On Wednesday, the main track is scheduled to open for a 19-day spring meet. Of course, next Saturday is Wood Memorial Day, which will feature an 11-race card that includes an all-stakes $500,000 guaranteed pick four on races 7-10: the Bay Shore, Excelsior, Wood, and Carter, with television coverage on NBC from 5 to 6 p.m. Eastern.

The 86th running of the Wood - a Grade 1, $750,000 race that has spawned 20 Kentucky Derby winners - will be headed by Fountain of Youth winner Eskendereya and Gotham winner Awesome Act. The runner-ups from those races, Jackson Bend and Yawanna Twist, are also expected.

The Wood will be the third leg of the $500,000 pick four anchored by the 110th running of the Carter, a Grade 1, $250,000 sprint at seven furlongs won last year by eventual sprint champion Kodiak Kowboy. Past winners include two-time Cigar Mile winner Congaree; sprint champs Artax and Housebuster; and the immortal Forego, who took back-to-back runnings in 1974-75.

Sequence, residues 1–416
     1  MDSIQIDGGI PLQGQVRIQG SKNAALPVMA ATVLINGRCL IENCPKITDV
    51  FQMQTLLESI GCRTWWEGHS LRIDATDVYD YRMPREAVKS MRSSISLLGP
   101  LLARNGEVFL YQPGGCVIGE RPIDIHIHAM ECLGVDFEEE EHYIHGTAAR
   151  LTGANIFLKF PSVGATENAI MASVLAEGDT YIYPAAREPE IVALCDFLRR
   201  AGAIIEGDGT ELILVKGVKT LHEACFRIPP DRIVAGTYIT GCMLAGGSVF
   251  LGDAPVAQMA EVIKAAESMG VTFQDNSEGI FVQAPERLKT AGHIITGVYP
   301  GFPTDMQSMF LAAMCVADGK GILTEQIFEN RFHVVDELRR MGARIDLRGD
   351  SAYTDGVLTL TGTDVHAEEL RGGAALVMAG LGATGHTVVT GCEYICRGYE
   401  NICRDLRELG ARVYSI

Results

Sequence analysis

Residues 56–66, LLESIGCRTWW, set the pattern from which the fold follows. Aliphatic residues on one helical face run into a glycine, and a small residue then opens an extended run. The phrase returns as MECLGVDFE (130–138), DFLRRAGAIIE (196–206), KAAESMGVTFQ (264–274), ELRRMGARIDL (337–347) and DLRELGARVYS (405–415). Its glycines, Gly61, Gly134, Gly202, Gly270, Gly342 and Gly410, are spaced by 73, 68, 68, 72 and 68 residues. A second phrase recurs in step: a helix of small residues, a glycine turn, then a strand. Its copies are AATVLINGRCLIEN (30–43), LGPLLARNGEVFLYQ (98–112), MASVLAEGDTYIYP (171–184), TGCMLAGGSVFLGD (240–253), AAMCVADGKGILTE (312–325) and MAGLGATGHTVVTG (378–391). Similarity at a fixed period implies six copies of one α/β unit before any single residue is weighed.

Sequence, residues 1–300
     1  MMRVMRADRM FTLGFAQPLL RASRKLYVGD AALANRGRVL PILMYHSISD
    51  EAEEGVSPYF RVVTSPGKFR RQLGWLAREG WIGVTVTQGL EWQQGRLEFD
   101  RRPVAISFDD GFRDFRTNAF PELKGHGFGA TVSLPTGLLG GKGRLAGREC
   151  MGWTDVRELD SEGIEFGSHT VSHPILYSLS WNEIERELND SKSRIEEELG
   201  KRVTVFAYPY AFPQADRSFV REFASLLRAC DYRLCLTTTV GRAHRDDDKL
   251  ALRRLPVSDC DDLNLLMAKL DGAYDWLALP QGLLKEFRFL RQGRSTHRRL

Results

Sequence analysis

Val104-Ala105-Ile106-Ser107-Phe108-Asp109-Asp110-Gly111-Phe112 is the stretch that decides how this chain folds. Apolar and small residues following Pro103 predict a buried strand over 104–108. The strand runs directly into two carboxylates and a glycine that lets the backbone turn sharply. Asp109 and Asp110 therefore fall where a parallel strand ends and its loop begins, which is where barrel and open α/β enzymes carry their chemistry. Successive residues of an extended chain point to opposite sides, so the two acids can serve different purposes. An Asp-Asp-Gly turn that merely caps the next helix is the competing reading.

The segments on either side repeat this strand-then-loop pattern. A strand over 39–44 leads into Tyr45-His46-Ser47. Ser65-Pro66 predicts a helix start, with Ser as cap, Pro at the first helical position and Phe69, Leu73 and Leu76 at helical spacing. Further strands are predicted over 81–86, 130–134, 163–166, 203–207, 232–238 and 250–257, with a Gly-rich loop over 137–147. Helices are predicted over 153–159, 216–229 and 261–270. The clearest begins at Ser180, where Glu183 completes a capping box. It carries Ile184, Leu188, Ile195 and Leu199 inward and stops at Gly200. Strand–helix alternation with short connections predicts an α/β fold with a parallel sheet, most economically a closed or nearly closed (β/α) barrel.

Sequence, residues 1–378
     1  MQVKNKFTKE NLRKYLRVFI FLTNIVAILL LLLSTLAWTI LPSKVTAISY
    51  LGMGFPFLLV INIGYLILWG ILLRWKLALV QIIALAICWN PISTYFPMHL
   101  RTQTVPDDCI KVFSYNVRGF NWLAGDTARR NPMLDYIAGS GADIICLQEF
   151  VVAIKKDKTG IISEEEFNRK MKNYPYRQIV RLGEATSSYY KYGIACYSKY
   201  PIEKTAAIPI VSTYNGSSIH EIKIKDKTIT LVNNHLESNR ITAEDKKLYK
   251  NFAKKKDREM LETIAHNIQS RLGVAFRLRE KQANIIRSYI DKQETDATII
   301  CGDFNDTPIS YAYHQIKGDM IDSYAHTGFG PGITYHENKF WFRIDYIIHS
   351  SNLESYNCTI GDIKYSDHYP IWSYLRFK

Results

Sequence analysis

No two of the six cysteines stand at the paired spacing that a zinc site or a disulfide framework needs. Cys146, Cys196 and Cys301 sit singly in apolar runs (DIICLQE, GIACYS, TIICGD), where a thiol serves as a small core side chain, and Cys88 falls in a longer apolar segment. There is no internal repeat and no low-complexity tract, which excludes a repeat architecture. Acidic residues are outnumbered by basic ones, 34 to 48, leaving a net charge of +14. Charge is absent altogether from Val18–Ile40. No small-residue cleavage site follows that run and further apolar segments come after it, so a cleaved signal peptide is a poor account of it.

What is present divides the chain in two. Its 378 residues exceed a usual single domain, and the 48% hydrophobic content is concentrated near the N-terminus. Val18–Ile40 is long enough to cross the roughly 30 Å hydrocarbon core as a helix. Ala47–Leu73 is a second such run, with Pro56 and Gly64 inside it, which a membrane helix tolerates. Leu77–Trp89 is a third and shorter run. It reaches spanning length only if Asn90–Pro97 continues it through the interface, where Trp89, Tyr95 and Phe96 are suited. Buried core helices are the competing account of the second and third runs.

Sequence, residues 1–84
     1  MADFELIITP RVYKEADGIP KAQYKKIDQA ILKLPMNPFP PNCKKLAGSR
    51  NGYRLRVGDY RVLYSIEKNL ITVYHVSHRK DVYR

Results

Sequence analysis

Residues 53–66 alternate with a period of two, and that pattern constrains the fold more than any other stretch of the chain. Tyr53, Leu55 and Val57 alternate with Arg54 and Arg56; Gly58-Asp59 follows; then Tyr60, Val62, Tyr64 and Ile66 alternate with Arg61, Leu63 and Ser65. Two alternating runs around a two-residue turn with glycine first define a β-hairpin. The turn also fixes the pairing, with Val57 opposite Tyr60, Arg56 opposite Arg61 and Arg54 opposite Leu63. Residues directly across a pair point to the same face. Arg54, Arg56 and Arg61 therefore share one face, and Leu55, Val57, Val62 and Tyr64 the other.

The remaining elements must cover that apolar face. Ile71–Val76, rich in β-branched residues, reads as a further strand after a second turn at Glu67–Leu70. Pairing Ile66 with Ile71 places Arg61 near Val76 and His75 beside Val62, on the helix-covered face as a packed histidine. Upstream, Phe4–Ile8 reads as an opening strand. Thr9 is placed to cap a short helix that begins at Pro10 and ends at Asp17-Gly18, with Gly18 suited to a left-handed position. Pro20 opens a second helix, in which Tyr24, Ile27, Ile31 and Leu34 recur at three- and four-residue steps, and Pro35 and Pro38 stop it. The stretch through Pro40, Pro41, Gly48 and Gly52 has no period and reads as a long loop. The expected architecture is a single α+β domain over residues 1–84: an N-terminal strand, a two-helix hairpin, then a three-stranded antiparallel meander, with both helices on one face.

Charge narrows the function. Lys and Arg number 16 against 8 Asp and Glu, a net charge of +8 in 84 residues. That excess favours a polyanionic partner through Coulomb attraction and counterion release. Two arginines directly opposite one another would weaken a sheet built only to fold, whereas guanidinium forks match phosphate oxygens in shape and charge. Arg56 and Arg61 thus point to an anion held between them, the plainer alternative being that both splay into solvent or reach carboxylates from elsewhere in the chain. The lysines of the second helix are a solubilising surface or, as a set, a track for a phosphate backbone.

The sequence begins with the 50th running of the Bay Shore, a $200,000 Grade 3 for 3-year-old sprinters at seven furlongs.

The Excelsior, a $200,000 route at 1 1/8 miles for older males, is the second leg.

Giant Moon, last year's Excelsior winner who has been plagued throughout his career by foot problems, recently returned to training for trainer Richard Schosberg, An Al Fried homebred, he hasn't been out since the Kingston on soft turf last May.

"He's moving better now than he was all of last year," said Schosberg, who is looking to bring Giant Moon back for an April start, and then "make a splash" in the older handicap ranks.


* From this day forward, can we all just agree to refer to Lentenor without referencing him as "the full brother of the ill-fated Barbaro?"

We know, already - we know. Dear God, at least let him win a stakes before bringing it up again.

* Why has the New York Racing Association insisted on showcasing its worst races in the $250,000-guaranteed late pick four on Saturdays, and/or carding a maiden special as blind legs?